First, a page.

How can we be honest about what we’re feeling without judging others? Maybe as we explore our feelings honestly we can follow through by acknowledging our own weaknesses. Maybe something like: Okay, I’m really ticked off that he interrupted me mid-sentence again, but let’s remember I do annoying things, too. How often has he complained that I come home late without calling? And yeah, he put the milk carton back in the fridge with just two drops of milk in it yet again, but who banged his head because I left the cabinet door open? After all, our comfortable habits might just be somebody else’s pet peeves.
Sirach also points our mortality further on in the passage. “We are only dust and ashes; what have we got to be proud of? …Even a king may be alive today and dead tomorrow.” (Sirach 10: 9-10) Life’s too short to dwell on the things that annoy us. Do we really want to squander precious time judging others? Lent begins with an Ash Wednesday reminder of our mortality and human limitations. Lent is also a good time to turn our attention away from other people’s shortcomings and face our own. As we recognize our need for mercy in our day-to-day living, we also become aware of the gift of mercy God offers us through his Son. God looks at us—warts and all—with eyes of love. When we remember this, it’s easier to look at others with those same eyes of love.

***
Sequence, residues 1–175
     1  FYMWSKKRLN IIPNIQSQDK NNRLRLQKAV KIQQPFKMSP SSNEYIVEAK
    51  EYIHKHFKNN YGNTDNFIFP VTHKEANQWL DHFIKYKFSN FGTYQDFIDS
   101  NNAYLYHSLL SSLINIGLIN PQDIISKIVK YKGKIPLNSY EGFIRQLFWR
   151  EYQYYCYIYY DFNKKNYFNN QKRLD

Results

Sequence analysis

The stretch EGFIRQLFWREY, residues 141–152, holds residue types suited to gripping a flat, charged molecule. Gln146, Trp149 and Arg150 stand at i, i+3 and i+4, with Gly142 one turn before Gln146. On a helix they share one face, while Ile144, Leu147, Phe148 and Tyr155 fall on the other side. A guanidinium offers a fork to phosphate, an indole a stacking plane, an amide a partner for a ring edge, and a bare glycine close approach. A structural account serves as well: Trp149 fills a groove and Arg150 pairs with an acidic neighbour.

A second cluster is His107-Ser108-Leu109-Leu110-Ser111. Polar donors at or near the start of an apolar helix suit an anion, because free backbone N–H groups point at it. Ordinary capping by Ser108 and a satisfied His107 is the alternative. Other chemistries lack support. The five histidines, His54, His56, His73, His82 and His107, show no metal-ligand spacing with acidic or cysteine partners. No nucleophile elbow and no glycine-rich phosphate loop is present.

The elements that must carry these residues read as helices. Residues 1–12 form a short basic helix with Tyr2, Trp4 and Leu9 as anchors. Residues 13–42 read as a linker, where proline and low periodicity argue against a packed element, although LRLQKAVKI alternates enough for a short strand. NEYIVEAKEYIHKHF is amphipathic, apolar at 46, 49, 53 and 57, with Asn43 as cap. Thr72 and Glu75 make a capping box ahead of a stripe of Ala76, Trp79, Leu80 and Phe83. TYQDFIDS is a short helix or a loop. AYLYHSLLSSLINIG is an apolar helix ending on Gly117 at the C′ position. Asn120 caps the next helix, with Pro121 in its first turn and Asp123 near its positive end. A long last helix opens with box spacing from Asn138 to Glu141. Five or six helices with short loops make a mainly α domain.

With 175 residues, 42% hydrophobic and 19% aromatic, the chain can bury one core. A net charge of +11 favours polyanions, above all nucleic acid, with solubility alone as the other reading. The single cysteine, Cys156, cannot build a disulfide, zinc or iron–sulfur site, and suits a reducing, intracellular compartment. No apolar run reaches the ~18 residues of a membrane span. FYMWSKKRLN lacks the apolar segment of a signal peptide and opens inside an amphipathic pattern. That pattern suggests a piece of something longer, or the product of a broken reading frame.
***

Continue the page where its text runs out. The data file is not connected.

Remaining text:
Prayer: Lord, may we forgive as we are forgiven.
Reflection: What habits of yours might be annoying to others? Are you willing to ask God to help you change? What else are you willing to do?
During Mass today, I noticed a father steal a glance toward the back of the church where the children’s choir stood. He stole a moment away from the priest and the altar to look back at where his little girl or boy was singing. Maybe he was glancing back to reassure his child of his support. Maybe he was just peeping back in pride. Maybe a little of both.
Distracted from worshipping God? Maybe. Then again, maybe not. Jesus taught his disciples that welcoming a child is also welcoming Jesus, and God the Father. That fleeting glance away from the altar toward his child took only a few seconds, but was packed with love for that child, and, no doubt, for Jesus and the Father, too. I don’t remember today’s homily, but I do remember the message of love my heart received.